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Posts Tagged ‘Calendai’

For the last month, I have been in France — for much of that time, in Provence.

It is a region with a much deserved reputation for spectacular scenery and picturesque villages. In the region where we stayed, these clung as though by magic to impossibly steep hillsides gazing idly down dramatic gorges, draped in pines, evergreen oaks, olives and vines.

It is also an exceedingly historic region, always set a bit apart from the rest of France. Once, the people didn’t even spoke French, but Provençal, a dialect of Occitan — a language closer to Catalan than to French — although Provençal is sometimes used to refer to Occitan in general, and the langue d’Oc of medieval troubadours.

Unsurprisingly, it has a whole collection of names and variants of names unique to the region.

And it was in Provence that names like Isabella and Eleanor first arose.

During our stay, I kept my ears open, but was disappointed that, by and large, the names I encountered — particularly among the children — were little different to the rest of France. The fashion in France at present is for names of foreign origin, and the favored region for more unusual native monikers is Brittany.

But we did encounter some, especially among my own generation.

I love the fact so many Provençal girls names end in -o; it makes a refreshing change, and is very contemporary.

Here is a selection of my personal favorites. Some, like Zouè, are relatively recent — others, like Azalaïs, are medieval.

GIRLS:

  • AgatoAgatha
  • Aïs — diminutive of ANAÏS and/or ALAÏS
  • AlaïsAlice (features in Kate Mosse’s 2005 novel Labyrinth); ultimately from Adelaide
  • AlienorEleanor
  • Anaïs — in Provence, used as a form of Anne or Agnes — not actually found prior to the nineteenth century
  • Anetoun — a double diminutive form of Ano (Anne)
  • AzalaïsAdelaide (Alice)
  • Babeleto — diminutive of Eisabèu/Isabèu (Elizabeth/Isabella)
  • BergidoBirgitte
  • Bielo — diminutive of Gabrielo (Gabrielle)
  • BregidoBridget
  • CelinoCeline
  • Chantaloun — diminutive of French Chantal
  • Clareto, Claroun — diminutives of Claro
  • ClaroClare/Claire
  • CloutildouClotilda
  • Delaïdo — diminutive of Adelaïdo (Adelaide)
  • Eliso — diminutive of French Élisabeth (Elizabeth)
  • EstefanoStephanie
  • Fanfan — probably a diminutive of ESTEFANO. Made fairly well-known (at least in France) by the 1952 film Fanfan la tulipe (remade in 2003) — in which Fanfan is a man — and Alexandre Jardin’s 1985 novel Fanfan, filmed in 1993.
  • Fino — diminutive of Delfino (Delphine) and/or JÒUSEFINO
  • FlourFlora/Fleur
  • GlaudioClaudia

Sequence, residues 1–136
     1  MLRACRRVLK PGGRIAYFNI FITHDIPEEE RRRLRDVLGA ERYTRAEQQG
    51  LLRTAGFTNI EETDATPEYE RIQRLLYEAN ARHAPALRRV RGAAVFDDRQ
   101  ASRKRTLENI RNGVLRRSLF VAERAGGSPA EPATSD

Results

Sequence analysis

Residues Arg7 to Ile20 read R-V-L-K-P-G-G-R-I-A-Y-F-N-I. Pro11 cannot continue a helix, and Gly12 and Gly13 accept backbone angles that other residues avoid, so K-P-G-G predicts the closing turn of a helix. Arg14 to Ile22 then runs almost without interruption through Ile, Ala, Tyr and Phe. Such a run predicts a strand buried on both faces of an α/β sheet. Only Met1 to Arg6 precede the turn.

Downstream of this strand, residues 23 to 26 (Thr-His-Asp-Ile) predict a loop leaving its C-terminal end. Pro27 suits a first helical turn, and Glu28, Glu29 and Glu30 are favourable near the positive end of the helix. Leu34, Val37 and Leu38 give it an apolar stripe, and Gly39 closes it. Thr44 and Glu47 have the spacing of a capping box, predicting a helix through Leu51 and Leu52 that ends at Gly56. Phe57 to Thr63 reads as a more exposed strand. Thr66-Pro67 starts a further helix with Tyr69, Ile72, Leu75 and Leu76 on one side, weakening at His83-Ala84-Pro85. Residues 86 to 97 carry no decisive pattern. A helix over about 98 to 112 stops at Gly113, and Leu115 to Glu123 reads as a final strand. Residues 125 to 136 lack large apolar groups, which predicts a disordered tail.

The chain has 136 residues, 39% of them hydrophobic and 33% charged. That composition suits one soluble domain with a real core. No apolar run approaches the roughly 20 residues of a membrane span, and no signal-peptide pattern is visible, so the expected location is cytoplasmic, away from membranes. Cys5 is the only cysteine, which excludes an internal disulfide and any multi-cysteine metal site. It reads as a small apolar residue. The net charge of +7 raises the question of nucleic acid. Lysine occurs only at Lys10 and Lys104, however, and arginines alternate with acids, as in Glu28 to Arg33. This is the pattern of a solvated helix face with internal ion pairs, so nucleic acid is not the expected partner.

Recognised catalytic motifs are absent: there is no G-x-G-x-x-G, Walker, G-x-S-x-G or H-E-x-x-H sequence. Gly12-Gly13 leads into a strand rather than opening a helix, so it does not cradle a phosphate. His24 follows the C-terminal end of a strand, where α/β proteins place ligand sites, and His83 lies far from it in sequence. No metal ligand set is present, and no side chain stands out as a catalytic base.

• IoulandoYolande
  • Janetoun — double diminutive of Jano (Jane/Jeanne)
  • JòusefinoJosephine (the name of our villa’s housekeeper!)
  • Jóuselet — variant/diminutive of JÒUSEFINO
  • Laïdo — diminutive of DELAÏDO
  • Lali, Lalìo — diminutives of Eulalìo (Eulalia/Eulalie)
  • Laloun — diminutive of LALI
  • Lìo — diminutive of names ending in -lìo, such as Eulalìo (Eulalia/Eulalie), Natalìo (Natalie), Rosalìo (Rosalie)
  • Lisoun — diminutive of ELISO
  • Lodi, Loudi — diminutive of Eloudìo (Elodie)
  • Madaloun — diminutive of Madaleno (Madeline)
  • Magali, Magari — probably Magaret, but possibly a variant of Madaleno (Madeline — from the original Magdalene)
  • Maïoun — diminutive of Marìo (Mary/Marie)
  • Marioun — diminutive of Marìo (Mary/Marie)
  • MelioEmilia
  • Mirèio — coined by the poet Frederic Mistral for his poem Mirèio (1859). From the Occitan mirar “to admire.”
  • Naïs — diminutive of ANAÏS
  • Ninoun — pet-form of Catarino (Katherine)
  • Rieto — pet-form of Enrieto (Henrietta)
  • RosoRose
  • SoufioSophia/Sophie
  • SoulanjoSolange
  • Talìo — diminutive of Natalìo (Natalie)
  • Teldou, Tildeto — diminutives of names containing –tild– or –teld-, like CLOUTILDOU
  • VitòriVictoria
  • ValorìValeria/Valerie
  • Zeto, Zetou — diminutives of JÒUSEFINO
  • Zouè Zoe

BOYS:

  • Amiel – said to be the Provençal form of French Emile
  • AudouardEdward
  • BartoumiéuBartholomew
  • BerenguiéBerenger
  • Calendau — from the Latin kalends, used of the first day of a month and, in Provence, for Christmas Day.  The hero of Mistral’s poem Calendau (1867)
  • CharleCharles
  • Charloun — diminutive of CHARLE
  • Ciprianet — diminutive of Ciprian (Cyprian)
  • DàviDavid
  • Deri — diminutive of Frederi/Federi (Frederick)
  • Dovi — dimunituve of Ludovi (Ludovick/Louis)
  • Estève, EstièneStephen
  • GabrieùGabriel
  • Glaude, GlàudiClaude, Claudius
  • JaufretGeoffrey
  • Jaume James
  • JòrgiGeorge
  • LuLuke
  • Luquet — pet-form of LU
  • Maïus — curious name of uncertain origin. In use in Provence since at least the late nineteenth century. Possibly conceived as a masculine form of MAÏOUN.
  • MasMax
  • MiquèuMichael
  • OuliviéOliver
  • PascauPascal
  • PèirePeter/Pierre
  • Pierroun — diminutive of French Pierre
  • RafèuRaphael
  • RoubinRobin (yes, the English Robin — one of the foreign names embraced by the French in the twentieth century)
  • Savié — probably Xavier, but possibly Savior (best known as a name in the Spanish form Salvador)
  • SilvanSilvanus
  • SimounSimon
  • TeoudorTheodore
  • Titoù – Either Titus or a diminutive of Batit (Baptist)
  • Titoun — diminutive of TITOÙ
  • ToumasThomas
  • Ugue, UguesHugh
  • VincènVincent
  • VitourVictor
  • Zavié — variant of SAVIÉ
  • — diminutive of Joùseù (Joseph)

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